Iraq's National Police are supposed to play a key role in the country's counterinsurgency, but U.S. experts say they are so corrupt and riddled with sectarianism they should be "disbanded and reorganized." As VOA's Jim Randle reports from Baghdad, a major effort to overhaul the National Police has been underway for some time, and a respected police agency from Italy, the Carabiniere, joins the effort this month.
A study of Iraqi military and police forces by a team of U.S. experts recently called the Iraqi National Police ineffective, corrupt, sectarian, and unable to help in the struggle against terrorism.
The Jones Commission and other critics says the problems in the Iraqi National Police are so serious that the top leadership and many officers have been replaced.
In an effort to deal with the crisis, entire battalions, units of several hundred members, have been undergoing investigations and retraining to strengthen skills and weed out unfit officers.
Former Washington, D.C. Police Chief Charles Ramsey, a member of the Jones Commission, recently told the U.S. Congress the problems in the Iraqi National Police were the worst he has seen in 38 years of police work.
"It was unbelievable, the amount of negative comments we got, whether we were speaking with Iraqi Army, Iraqi police service, it didn't seem to matter, community members, there was almost a universal feeling that the National Police were highly sectarian, were corrupt, had been accused of having death squads and the like," said Ramsey.
A training mission from one of Italy's national police agencies, the Carabiniere, is in Baghdad to begin a new phase in the retraining of the Iraqi National Police.
The commander of the Carabiniere training effort in Iraq, Colonel Fabrizio Parrulli says he plans to instill a new level of professionalism in the troubled force, starting with basic classes in forensics, investigation and operating as coordinated units.
He says it is crucial to get his counterparts to learn to enforce the law fairly regardless of the sectarian status of the officer or the suspect.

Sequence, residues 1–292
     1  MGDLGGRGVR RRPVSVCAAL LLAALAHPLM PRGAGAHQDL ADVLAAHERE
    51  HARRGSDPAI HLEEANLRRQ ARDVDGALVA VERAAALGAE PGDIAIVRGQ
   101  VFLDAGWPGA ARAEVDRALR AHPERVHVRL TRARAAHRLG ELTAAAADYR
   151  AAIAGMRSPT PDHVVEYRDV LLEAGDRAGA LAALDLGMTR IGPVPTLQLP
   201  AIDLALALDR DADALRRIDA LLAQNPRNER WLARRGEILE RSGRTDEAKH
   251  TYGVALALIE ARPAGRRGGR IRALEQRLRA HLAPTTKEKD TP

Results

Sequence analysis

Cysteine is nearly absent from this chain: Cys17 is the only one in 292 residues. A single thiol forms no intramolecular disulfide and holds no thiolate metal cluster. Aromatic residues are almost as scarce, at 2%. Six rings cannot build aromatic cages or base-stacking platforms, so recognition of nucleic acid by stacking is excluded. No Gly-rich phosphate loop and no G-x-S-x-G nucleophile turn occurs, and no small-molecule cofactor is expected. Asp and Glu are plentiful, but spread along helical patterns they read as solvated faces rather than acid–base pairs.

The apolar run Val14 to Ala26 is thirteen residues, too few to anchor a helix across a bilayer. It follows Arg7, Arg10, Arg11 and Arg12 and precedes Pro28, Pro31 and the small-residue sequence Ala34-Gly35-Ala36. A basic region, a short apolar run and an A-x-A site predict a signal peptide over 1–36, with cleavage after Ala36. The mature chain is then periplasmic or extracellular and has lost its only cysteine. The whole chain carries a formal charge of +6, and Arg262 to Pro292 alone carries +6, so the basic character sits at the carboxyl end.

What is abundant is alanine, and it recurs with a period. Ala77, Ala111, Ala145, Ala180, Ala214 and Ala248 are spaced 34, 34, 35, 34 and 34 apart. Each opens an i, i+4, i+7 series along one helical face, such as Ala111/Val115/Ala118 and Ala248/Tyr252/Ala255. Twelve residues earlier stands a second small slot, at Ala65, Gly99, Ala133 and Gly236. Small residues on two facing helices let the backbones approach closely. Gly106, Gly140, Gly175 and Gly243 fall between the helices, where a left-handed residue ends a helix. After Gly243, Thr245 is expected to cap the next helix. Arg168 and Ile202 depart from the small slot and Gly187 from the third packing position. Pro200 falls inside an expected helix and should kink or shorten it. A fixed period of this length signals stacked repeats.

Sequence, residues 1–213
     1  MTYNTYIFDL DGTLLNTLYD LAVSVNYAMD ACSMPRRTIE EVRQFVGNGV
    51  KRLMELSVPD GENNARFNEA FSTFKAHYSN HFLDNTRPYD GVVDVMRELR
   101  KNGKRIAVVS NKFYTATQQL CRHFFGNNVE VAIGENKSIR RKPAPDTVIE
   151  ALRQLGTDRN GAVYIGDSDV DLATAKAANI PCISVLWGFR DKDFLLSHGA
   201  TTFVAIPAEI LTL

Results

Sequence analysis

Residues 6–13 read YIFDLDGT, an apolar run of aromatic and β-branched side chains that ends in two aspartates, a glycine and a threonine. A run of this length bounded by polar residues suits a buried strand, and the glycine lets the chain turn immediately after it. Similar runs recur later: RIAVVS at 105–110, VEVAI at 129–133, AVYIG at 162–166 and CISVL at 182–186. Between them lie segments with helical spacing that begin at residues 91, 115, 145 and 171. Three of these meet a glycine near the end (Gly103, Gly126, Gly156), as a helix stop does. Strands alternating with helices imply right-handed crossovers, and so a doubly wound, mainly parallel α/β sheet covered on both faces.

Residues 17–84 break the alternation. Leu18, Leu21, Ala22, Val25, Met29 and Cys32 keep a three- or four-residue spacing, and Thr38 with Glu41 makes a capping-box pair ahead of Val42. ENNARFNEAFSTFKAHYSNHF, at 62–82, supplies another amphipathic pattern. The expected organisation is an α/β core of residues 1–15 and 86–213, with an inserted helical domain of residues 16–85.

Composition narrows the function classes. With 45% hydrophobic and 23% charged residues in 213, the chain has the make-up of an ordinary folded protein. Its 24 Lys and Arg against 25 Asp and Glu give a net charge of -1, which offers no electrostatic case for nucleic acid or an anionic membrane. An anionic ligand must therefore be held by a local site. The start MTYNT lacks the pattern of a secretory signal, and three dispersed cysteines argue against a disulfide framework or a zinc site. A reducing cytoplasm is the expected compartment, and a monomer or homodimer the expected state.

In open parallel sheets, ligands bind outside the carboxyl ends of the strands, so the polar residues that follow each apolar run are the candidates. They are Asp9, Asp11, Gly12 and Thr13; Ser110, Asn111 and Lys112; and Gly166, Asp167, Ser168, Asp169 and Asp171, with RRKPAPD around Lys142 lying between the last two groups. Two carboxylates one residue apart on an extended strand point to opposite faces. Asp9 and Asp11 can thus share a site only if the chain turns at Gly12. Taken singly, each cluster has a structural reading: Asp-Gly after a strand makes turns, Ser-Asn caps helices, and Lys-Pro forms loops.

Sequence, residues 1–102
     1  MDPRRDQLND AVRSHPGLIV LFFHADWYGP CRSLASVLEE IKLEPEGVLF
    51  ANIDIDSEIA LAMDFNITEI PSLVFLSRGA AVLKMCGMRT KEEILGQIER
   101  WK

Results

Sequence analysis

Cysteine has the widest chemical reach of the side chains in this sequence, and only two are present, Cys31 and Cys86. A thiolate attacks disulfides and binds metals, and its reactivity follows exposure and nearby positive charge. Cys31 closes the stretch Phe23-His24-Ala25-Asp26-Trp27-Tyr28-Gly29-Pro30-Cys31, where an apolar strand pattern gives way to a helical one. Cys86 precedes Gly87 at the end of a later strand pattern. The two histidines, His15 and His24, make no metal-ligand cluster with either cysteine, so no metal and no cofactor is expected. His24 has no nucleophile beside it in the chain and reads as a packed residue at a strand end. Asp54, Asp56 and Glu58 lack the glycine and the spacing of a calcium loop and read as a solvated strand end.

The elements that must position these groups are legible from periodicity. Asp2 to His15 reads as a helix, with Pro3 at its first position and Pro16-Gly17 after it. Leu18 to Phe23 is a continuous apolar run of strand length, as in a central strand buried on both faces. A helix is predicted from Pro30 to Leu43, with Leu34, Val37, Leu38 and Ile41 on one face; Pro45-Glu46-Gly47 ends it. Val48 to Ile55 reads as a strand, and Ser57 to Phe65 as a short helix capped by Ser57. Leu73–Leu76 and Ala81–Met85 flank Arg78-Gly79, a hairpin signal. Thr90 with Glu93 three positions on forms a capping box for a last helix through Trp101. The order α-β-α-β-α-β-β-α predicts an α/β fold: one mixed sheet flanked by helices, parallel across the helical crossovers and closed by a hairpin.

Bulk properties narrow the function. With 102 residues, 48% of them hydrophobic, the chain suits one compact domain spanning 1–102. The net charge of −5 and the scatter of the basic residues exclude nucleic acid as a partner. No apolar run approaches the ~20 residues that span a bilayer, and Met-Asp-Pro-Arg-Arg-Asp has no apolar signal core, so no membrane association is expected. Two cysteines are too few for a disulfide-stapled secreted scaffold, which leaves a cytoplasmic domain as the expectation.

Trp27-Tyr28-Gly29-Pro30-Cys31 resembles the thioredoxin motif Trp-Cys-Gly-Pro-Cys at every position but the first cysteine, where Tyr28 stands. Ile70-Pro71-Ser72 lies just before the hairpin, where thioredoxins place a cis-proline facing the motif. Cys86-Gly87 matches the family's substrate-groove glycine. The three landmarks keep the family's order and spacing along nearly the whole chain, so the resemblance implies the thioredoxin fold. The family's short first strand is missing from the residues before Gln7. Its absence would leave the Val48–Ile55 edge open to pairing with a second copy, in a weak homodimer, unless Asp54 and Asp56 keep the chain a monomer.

The colonel admits doing this in the wake of the bloody sectarian conflict that has killed thousand of Iraqis and driven millions more out of their homes will be very tough.
"Yes, we know it is difficult, it is not easy, but gaining [drawing] on experience we had in the past over 150 years of training activity since the middle of the 19th century when we started with a mission abroad in the Isle of Crete in 1852," said Parrulli. "We believe we can succeed in this activity."
Iraq, a nation of about 28 million people, has about 230,000 police.
The 25,000 member Iraqi National Police back up local police with special skills and are supposed to step in when problems, such as riots, overwhelm local forces.
A portion of the Iraqi National Police will be trained directly by their Italian counterparts, and the Iraqis are then supposed to share their lessons with colleagues.
A select group will get extra training focused on antiterrorism and some other advanced issues.
Col. Parrulli says Carabiniere-type units are helpful in Iraq because they are a police agency organized along military lines, with more training and firepower than regular police.
While most police work alone or in small groups, Carabiniere units can also operate in large groups using military methods and tactics.
"They are something we call "robust police" or Gendarmerie, or Carabiniere are police forces that fill the gap between police forces, like the local police and the military forces," added Parrulli.
Iraq needs very robust police to deal with its complex counter-insurgency situation, where the goal is to win the support of the population rather than destroy an enemy army or capture territory.
In this arena, regular police, equipped and trained to deal with car thieves and killers, can be overwhelmed by heavily armed, organized groups of insurgents.
But armies have the opposite problem, they are fundamentally organized to apply the maximum possible amount of firepower to an enemy, but they were not created to gather the kind of information that is a fundamental part of police work.
Italian Army Major General Alessandro Pompegnani, says Italian police training effort is part of a larger NATO program to help the Iraqi government.
"We are trying to raise the level of the quality of the leadership in different areas, mid [and] senior level of leadership," said Pompegnani.
General Pompegnani is the Deputy Commander of the NATO training mission in Iraq.
These police-turned-teachers hope they can greatly improve Iraq's troubled National Police and make it an effective weapon against crime and chaos. It seems likely to be a very tough job.